CNN  — 

This is a French Open like no other as Rafael Nadal discovered early on Wednesday as he ground out victory against Jannik Sinner in a match that finished at 01:26 a.m local time in Paris.

The Spaniard overcame 19-year-old Sinner 7-6 (7-4), 6-4, 6-1 in temperatures that hovered around 10 degrees Celsius (50 degrees Fahrenheit), finishing in the early hours of the Paris morning, the latest finish ever at Roland Garros.

And although the 12-time French Open winner acknowledged the game’s early morning conclusion was a challenge, Nadal’s main problem was with the low temperatures.

“Of course, it is not an ideal finish, a match at 1.30 in the morning,” Nadal told the media after his victory.

“But the problem is the weather. The weather … it’s too cold to play tennis. I know football players do it all the time but they’re always moving while us tennis players, we stop, we come back, there’s the changeover.”

CNN have reached out to the French Open organizers to offer them the right of reply.

READ: After playing match with Covid-like symptoms, tennis star Alexander Zverev says he’s tested negative

Nadal celebrates after beating Sinner.

Nadal and Sinner’s quarterfinal match began at 10:36 p.m. local time after four matches were played on Court Philippe-Chatrier before them.

Although late starts are not uncommon at other tennis grand slams such as the US and Australian Open, those tournaments are played during the summer, while this year’s French Open was moved from its usual place in the tennis calendar in May-June because of the coronavirus pandemic.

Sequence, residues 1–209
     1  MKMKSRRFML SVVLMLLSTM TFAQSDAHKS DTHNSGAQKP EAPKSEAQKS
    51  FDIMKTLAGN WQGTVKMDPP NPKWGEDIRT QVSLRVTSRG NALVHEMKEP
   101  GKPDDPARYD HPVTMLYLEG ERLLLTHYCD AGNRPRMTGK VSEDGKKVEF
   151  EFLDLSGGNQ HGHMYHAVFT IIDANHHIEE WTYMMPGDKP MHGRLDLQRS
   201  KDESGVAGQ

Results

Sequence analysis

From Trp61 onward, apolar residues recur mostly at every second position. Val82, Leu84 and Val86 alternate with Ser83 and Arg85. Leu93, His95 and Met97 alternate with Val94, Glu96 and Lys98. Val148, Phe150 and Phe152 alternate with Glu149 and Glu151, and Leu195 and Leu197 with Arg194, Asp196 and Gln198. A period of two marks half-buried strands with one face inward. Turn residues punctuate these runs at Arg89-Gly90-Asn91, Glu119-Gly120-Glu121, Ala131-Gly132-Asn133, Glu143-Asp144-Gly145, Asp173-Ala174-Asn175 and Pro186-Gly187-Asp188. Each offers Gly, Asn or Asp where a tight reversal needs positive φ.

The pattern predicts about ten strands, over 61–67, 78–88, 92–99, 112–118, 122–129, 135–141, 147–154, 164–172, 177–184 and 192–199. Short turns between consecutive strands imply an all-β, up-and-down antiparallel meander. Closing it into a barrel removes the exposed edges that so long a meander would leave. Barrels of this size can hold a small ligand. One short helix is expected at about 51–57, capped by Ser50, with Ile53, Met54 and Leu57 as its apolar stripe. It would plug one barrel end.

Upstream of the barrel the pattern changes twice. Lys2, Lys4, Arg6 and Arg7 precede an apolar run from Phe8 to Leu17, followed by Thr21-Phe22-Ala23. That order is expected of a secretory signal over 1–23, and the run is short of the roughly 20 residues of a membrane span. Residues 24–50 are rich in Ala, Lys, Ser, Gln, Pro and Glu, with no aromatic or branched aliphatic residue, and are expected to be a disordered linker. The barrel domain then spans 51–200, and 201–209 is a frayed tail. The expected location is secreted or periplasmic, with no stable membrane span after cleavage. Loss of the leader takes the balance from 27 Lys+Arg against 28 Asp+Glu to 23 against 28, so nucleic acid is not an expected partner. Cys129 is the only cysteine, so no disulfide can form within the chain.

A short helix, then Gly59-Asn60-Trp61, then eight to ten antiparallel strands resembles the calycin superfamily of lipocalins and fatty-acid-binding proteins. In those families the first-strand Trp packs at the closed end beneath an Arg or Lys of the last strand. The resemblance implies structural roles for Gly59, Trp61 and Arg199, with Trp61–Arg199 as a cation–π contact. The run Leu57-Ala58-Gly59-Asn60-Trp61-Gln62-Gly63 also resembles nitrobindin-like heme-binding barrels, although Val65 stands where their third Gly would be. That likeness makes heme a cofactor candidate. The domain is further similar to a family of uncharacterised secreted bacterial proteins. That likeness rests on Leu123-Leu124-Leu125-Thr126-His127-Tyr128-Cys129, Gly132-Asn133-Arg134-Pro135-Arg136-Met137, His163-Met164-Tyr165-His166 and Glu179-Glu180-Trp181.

“I really don’t know why they put five matches on the Chatrier today. That was a risk,” Nadal said.

“I saw immediately yesterday when they sent me the schedule because there is a chance there is a couple of long matches. That’s what happened. Little bit unlucky, of course.

“For me, I just tried to be patient, accept everything, and be in a positive shape. That’s what I did.”

Nadal is aiming for his 13th French Open and 20th grand slam title which will equal Roger Federer’s record.

Before this French Open, world No.2 Nadal had complained about the new balls and the cold weather making the courts heavier and negating the large amounts of spin he has become so accustomed to taking advantage of on clay-courts.

However, according to stats from the ATP, with rallies becoming longer because of the lack of spin, Nadal has in fact become more effective, as he wins over 65% of rallies that include more than four shots.

The win over the Italian Sinner was Nadal’s 100th match at Roland Garros. He is now 98-2 at the clay-court grand slam.

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Spectators watch Nadal in action.

Sinner was three when Nadal first lifted the Coupe des Mousquetaires – and the 19-year-old took the positives from his run to the quarterfinals, in which he beat 11th seed David Goffin and US Open finalist Alexander Zverev amongst others.

“I’m a person who looks not in the future and not in the past, always in the present. It’s nice to hear. At the end you have to show everything. I didn’t win anything until now. OK, NextGen (Finals), it’s one tournament. At the end I didn’t won anything,” said Sinner.

“It’s just head down and trying to improve, trying to play hours after hours on court, which I need to do. I have a great team behind me. We will see in 12 months where I am.”

With his victory, Nadal set up a semifinal with Diego Schwartzman, who defeated Nadal in Rome last month.

Schwartzman advanced to his first grand slam semifinal thanks to a five-hour, five set thriller against US Open champion Dominic Thiem.